The legislation prohibits an order to made for the use of nuclear fission for the use of electricity. That would prohibit BNFL from seeking a licence. BNFL, however, would not necessarily do that. Some other body in the North of Ireland could do that, it would then link up to the interconnector with Scotland and we would be linked to that. It could be easily bypassed by a generating conglomerate involved in nuclear fission. There is nothing to prohibit it using the interconnector and providing the energy as if it were coming for Sellafield.

This legislation should monitor that but even if that is done to prevent nuclear power entering our grid, are we breaching the regulations on the free movement on goods and services in the European Union? As this is a nuclear-free zone and it is Government policy that there is no nuclear power—

We have enshrined that amendment in the legislation.

What powers could be given to the regulator to inspect, supervise or monitor or to include in the order a condition specifying the principle and substance of the legislation to ensure we are not affected by nuclear energy which could be transmitted by one or other of the conglomerates which may compete? Perhaps there is scope for the regulator to impose certain restrictions in terms of supervision and prohibitions.

The advice of Attorney General before we got the Community advice was that if it is lawful in another State to do something we do not have the power to override that legal right. In addition, there is also the free movement of goods and service within the European Union. It is against the spirit of Article 19.5 of the directive. The regulator would not have the power to override the laws of Scotland, the UK or France.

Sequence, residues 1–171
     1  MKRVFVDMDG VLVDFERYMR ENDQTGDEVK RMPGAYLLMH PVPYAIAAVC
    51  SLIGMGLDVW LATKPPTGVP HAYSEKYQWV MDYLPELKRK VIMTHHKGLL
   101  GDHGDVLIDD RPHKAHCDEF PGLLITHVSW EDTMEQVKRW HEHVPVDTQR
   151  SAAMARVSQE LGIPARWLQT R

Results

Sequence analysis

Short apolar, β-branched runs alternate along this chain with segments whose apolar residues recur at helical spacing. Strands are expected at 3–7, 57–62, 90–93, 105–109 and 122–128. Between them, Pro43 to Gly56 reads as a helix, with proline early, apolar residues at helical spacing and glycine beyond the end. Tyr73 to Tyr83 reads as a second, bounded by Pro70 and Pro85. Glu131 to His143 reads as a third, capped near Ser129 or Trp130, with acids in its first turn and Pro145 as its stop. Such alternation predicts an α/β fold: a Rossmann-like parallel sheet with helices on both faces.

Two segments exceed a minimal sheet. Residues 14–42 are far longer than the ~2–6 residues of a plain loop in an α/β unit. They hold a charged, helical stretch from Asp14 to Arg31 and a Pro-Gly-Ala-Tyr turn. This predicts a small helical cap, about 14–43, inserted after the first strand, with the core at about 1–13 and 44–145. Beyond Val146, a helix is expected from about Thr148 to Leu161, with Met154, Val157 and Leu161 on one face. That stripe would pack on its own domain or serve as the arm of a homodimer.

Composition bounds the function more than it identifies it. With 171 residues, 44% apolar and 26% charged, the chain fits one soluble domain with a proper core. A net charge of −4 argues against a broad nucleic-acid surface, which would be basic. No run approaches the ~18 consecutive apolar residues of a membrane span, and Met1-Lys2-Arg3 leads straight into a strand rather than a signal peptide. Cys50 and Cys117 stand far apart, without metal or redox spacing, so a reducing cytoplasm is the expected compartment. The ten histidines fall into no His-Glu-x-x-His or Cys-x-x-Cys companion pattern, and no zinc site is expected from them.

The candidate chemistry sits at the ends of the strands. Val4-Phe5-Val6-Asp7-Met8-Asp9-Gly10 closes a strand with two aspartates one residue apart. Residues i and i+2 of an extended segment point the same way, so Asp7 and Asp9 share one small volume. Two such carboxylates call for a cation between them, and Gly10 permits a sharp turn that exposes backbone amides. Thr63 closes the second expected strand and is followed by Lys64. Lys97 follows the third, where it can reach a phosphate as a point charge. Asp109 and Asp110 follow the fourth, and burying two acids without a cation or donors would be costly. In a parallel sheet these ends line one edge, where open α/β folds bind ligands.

There is a moral power in a country taking a stance, as we have done over the years – I think of Carnsore Point in the early 1970s. There was a great new age of nuclear power but people marched and protested against it, and I am glad we allow it. The EU has brought many changes to us and one of those is the free movement of goods and services. The Oireachtas does not have the power, for example, to say to Northern Ireland that it cannot link up with Scotland. There is no legal power, only a moral imperative which is moving away from nuclear power towards other forms of power. We could not include such a power in legislation, which is a pity having gone so far.

We could end up getting nuclear power through the back door despite all the campaigns against Sellafield and Carnsore Point and the fact this county does not import any nuclear based goods or services, which is clear Government policy. Are there opt outs in the Maastricht or Amsterdam Treaties in relation to matters of this nature? If it is Government policy and if something is regarded as detrimental to the interests of a country, can we opt out? Can we bypass competition which we would see as inappropriate to our national interest? There may be opt out clauses of which we might avail.